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 Private 44th Mass. Vols. (Infantry), August 11, 1862; first Lieutenant 55th Mass. Vols., June 7, 1863; Captain, June 19, 1863; killed at Honey Hill, S. C., November 30, 1864.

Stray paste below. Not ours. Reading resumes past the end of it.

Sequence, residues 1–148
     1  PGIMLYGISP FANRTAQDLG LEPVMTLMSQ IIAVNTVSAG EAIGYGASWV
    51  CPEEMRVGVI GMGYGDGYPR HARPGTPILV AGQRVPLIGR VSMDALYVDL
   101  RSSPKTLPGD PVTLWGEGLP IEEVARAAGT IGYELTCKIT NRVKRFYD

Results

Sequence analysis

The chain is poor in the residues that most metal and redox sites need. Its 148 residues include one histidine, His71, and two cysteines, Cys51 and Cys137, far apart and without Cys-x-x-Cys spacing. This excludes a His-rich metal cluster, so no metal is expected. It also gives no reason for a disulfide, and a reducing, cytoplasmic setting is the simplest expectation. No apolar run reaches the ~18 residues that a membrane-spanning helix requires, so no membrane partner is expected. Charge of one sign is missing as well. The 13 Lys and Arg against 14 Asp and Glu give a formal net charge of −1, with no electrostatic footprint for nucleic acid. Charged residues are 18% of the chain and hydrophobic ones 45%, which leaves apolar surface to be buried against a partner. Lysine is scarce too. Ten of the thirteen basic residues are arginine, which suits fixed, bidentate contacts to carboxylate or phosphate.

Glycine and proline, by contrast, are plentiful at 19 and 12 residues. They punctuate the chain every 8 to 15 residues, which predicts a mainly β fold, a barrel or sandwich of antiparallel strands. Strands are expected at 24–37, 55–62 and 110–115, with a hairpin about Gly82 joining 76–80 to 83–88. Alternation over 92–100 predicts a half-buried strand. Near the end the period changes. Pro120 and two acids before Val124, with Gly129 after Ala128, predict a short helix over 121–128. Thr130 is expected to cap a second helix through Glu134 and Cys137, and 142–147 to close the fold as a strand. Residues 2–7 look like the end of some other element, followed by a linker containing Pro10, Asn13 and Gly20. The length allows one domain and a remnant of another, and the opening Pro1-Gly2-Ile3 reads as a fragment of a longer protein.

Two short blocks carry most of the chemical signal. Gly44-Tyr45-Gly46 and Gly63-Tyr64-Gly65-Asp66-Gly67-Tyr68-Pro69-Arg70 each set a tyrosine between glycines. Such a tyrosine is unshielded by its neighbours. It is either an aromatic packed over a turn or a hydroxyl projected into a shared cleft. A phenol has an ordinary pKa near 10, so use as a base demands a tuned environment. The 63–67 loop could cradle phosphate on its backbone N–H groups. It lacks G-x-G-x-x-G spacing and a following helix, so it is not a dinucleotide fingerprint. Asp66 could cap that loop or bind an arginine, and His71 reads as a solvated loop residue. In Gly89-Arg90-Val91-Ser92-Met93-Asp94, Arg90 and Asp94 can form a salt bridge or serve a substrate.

William Dwight Crane was born in East Boston, Massachusetts, November 29, 1840. He was the son of Phineas Miller Crane, M. D., a native of Canton, Massachusetts, and Susan Hooker Dwight, daughter of Seth Dwight, a merchant of Utica, New York, and one of the earliest settlers of the place. His grandfather on his father's side was Elijah Crane of Canton, for several years Major-General of the militia forces of Massachusetts, and also Grand-Master of the Grand Masonic Lodge of the State. General Crane was a man of strict integrity and uncommon firmness of will. His grandson William, though he had never seen him, had conceived a great admiration for his character, and frequently expressed the wish that he might prove himself worthy of such an ancestor; a wish afterwards fulfilled in a manner little anticipated. He was admitted at an unusually early age to the Lyman Grammar School, and afterwards spent three years at the English High School in Boston. In his conduct at these schools he was exemplary, and in scholarship always successful. He became gradually so fond of study, that, although originally destined for a business life, he finally resolved to spend two years in the public Latin School, to fit himself for college. He entered the Freshman Class at Cambridge in July, 1859. Before this time he had devoted a good deal of attention to music, vocal and instrumental, occupying such leisure as he could command at home in practising on the piano-forte. In the spring of 1857 he began to play the organ of the East Boston Unitarian Society, and to give lessons in piano-forte playing. His labors as an organist and teacher he continued until the
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